Sol Day

Sol Day 22Sep2013 – Latin-to-English is not dumbing down

Harry Mount seems a witty, decent guy. I mean amo Amo Amas Amat and all that and he is a proud Classicist. But his comments comparing Latin-to-English translation to busking has caused a stir.

In the blog post with the title “The tragic dumbing down of Latin in our schools” ( Mount suggests that:

“When you’re translating Latin into English, you can busk it: translate the words roughly and then cobble them together into goodish English. With the other way round – English into Latin – there’s no busking. You’re either right or you’re wrong – there’s no grey area. That’s one of the joys of Latin; precisely because it’s a dead language, there’s no wriggle room, no negotiating over the correct answer, as there is with the shifting meanings of modern languages.”

You may agree with Mount, but I do not. I hope to provide another post for a detailed counter-argument but let me ask you to consider a few points. On “no wriggle room” in Latin, I challenge anyone to be a judge of a correct answer in English-to-Latin translation, prose composition or however it should be termed. We are not Romans and we do not think, speak or write like Romans, however much we practise. Mount’s suggestions that there is only one correct answer is only verifiable if Cicero is alive, and even then only if we were tasked to compose in the style of Cicero. Coincidently, when translating into “shifting… modern languages”, are we asked to translate in the style of Borges or Moliere? If so, then perhaps Modern Foreign Language would gain “rigour” as defined by Mount.

It also riles me that Mount’s comment discount the work of GCSE students for the past many years, who, in his eyes, would have been “busking it” because they did no Latin-to-English. Nor is English-to-Latin necessarily harder – if in a Latin course students only learn to translate English-to-Latin, then Latin-to-English would be difficult for them. In reality, the situation is that students only learn to translate Latin-to-English, which is sensible if Latin were not to be treated as another intellectual exercise such as Su-Do-Ku and its variants.

I cannot doubt Mount’s passion for the subject despite the fact that our views are very far apart. Not only views on prose composition, but views on Latin as a whole. Some passionate Latinists promote the subject as more rigorous than other subjects, the language as more challenging than others. Indeed a GCSE in Latin is seen as a grade more difficult to the second most difficult subject, while Latin maintains a more complex structure that French, Spanish and English does not have. But if complexity is such a draw, should we not (indeed some do) push our students to study Russian, Arabic or Mandarin Chinese or indeed Ancient Greek? Latin is a difficult subject at GCSE level, but it is up to the authorities to decide at what difficulty level a public Latin exam should sit – and we can always influence their thinking on this matter.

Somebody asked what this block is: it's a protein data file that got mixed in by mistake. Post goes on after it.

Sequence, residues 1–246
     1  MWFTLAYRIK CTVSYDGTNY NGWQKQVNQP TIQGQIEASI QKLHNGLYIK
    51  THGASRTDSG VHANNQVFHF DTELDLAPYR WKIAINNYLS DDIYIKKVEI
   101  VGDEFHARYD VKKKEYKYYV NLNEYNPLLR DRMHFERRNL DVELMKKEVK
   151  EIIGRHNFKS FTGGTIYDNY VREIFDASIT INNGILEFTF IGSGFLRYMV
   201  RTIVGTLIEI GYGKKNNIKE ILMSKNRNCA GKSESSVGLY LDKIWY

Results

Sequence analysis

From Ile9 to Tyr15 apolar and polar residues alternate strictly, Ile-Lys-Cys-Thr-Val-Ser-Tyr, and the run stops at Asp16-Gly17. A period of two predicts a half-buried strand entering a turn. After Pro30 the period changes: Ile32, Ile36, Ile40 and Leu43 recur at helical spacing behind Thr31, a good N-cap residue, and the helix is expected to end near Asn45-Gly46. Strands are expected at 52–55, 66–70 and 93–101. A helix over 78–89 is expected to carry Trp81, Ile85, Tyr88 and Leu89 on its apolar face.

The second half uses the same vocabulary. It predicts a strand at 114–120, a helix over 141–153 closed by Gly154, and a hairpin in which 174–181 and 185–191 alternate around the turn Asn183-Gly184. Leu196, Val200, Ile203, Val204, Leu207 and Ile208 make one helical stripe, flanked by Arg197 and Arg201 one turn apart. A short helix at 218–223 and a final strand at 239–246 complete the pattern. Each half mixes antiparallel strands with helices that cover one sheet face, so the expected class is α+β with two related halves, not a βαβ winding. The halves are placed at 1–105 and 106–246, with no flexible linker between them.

Latin is also inherently complex and some seem to mistake the challenge of a complex language to be the sole driving force for learning Latin. Comments on Latin include “it is a precise language”, “it is succinct”, “there are many things to remember to work out a sentence”. Yet we cannot sell a subject on the merit of challenge alone. The British tradition of grammar-translation is a very long one and the fact that the grammatical and translation exercise is so rigid in requiring exact translation is, I suggest, a result of this tradiion. Yet times has changed and so have the course books.

Learning Latin now has a stronger emphasis on understanding rather than linguistic exercise. And why should it not? If learning Latin should open a door to the Classical texts, we need to be able to read the text efficiently, extracting relevant information. A precise grasp of the language helps our reading of Latin, but a precise translation and analysis of Latin every time a Latin text is encountered does not help improve our Latin reading skills. A climate of Latin learning where a perennial precision is aimed for also moves the focus of Latin onto a linguistic exercise at the expense of understanding Classical culture through original language – in this climate Latin truly is a dead language.


3 thoughts on “Sol Day 22Sep2013 – Latin-to-English is not dumbing down

  1. Dear Colleague “Sol Day”,
    First I commend Harry Mount for using his own name on his blog. I am new to your blog, and so perhaps that is why I cannot find your name, unless by happy fortune it really is “Sol Day.” I am sure you are a dedicated Latinist, but I have to agree with Harry. His point is not, really, that there is anything wrong with Latin-to-English per se, but that it is a sad state of affairs when English-to-Latin is entirely omitted, probably from the assumption that it is either too demanding for the students, or too hard to grade.